Scott Frost leaves UCF for head-coaching job at Nebraska

6:26 PM ET

Scott Frost is coming home.

Frost, a former quarterback who led the Nebraska Cornhuskers to a share of the 1997 national championship, has been hired as the school’s next football coach, it was announced Saturday.

“It is a great honor and privilege to have the opportunity to return to Nebraska and to lead the Husker football program,” Frost said in a statement. “I have been fortunate to be at a wonderful school the last two years, but Nebraska is a special place with a storied tradition and a fan base which is second to none. I am truly humbled to be here. The state of Nebraska and the Husker program mean a great deal to me. This is home.”

The university said Frost agreed to a seven-year, $35 million contract.

The 42-year-old Frost has led UCF to a 12-0 season after the No. 14 Knights beat No. 20 Memphis 62-55 in double overtime to win the American Athletic Conference championship game Saturday.

With the win, UCF clinched a berth in a New Year’s Six bowl game, likely the Chik-Fil-A Peach Bowl. UCF athletic director Danny White said Frost plans to coach in the bowl game, but he will hand game preparation duties to offensive coordinator Troy Walters, who was named interim coach Saturday by White.

“I’m proud of this coaching staff and the group of people we assembled to coach these guys,” Frost said during the championship game trophy ceremony. “I think we’ve given a lot to this program and these kids. But this city, this university and these kids have given even more to us.”

Frost, who will be introduced as the program’s 33rd head coach Sunday in Lincoln, replaces Mike Riley, who went 4-8 for the Cornhuskers this season — his third at Nebraska.

“I am thrilled that Scott is returning to his alma mater to lead the Husker football program,” athletic director Bill Moos said. “I truly believe that we have hired the premier young coach in the country and that exciting times lie ahead.”

Nebraska will owe $3 million to UCF, who paid a combined $3.7 million to Frost over his two seasons.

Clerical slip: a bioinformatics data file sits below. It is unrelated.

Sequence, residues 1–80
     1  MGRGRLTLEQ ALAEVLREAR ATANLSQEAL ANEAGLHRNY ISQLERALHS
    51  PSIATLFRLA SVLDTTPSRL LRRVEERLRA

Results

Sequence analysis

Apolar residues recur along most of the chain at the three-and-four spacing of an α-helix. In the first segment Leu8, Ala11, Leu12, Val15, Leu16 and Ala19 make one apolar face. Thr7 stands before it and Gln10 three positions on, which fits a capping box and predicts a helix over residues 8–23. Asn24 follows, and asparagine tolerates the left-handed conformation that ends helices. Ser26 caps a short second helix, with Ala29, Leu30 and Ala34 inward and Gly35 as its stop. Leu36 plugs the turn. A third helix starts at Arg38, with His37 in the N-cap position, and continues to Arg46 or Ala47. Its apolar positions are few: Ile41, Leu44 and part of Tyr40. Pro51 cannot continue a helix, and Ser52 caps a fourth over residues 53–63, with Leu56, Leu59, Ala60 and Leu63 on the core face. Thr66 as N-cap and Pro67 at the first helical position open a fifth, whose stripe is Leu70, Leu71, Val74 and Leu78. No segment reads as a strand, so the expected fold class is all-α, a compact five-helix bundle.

Frost, who is a semifinalist for the George Munger National Coach of the Year Award for a second straight season, formerly coached at Oregon under Chip Kelly and Mark Helfrich, coordinating the Ducks’ high-powered offense from 2013 to 2015. He landed at UCF in December 2015 and posted a 6-7 mark one year after the Knights finished 0-12.

He becomes the fifth Nebraska coach since the 1997 retirement of Tom Osborne, who closed his 25-year career by coaching Frost to an undefeated season.

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  • No. 12 UCF captures AAC title over No. 12 Memphis in 2 OTs

    Central Florida for the second straight week prevailed in a shootout on its home field.

  • From Wood River, Nebraska, Frost began his collegiate career at Stanford in 1993, declining an offer from Osborne to play for his home-state school. He transferred to Nebraska in 1995 and delivered an impassioned speech to pollsters after Osborne’s final game for the coach to earn a share of the national title.

    The 80-year-old Osborne remains a mentor to Frost and a large-looming figure in Nebraska. Moos, in fact, sought the advice of Osborne after Moos arrived from Washington State in October, hired with the charge to restore success to the storied football program.

    “I would not have the opportunity to be in this position without a lot of great people who have helped me throughout my career,” Frost said. “Specifically, I would like to thank Coach Osborne, who has played such an integral role in my life over the past two decades, both on and off the field. Go Big Red!”

    Osborne, in a recent interview, described Frost as “the whole package.”

    Moos said after the season that he identified six candidates as potential replacements for Riley. Clearly, though, Frost sat atop the list. And the admiration was mutual, apparently, as Frost declined an opportunity to visit with Florida last week about the Gators’ opening before the hire of Dan Mullen.

    Nebraska most recently won a conference title in 1999 and owns a conference record of 34-24 since it joined the Big Ten in 2011. Riley posted a 19-19 mark in his three seasons.

    Kansas State, wrote that he loved Nebraska football and the state of Nebraska.

    “I long for the days when the characteristics of the team we put on the field on Saturdays exemplified the characteristics of the hard working people of our state,” Frost wrote at the time. “We used to have the Taj Mahal of college football programs. Now it feels like someone took 40 tons of dynamite to our proud and noble masterpiece and built a three bedroom ranch in its place.”

    ESPN’s Darren Rovell contributed to this report.

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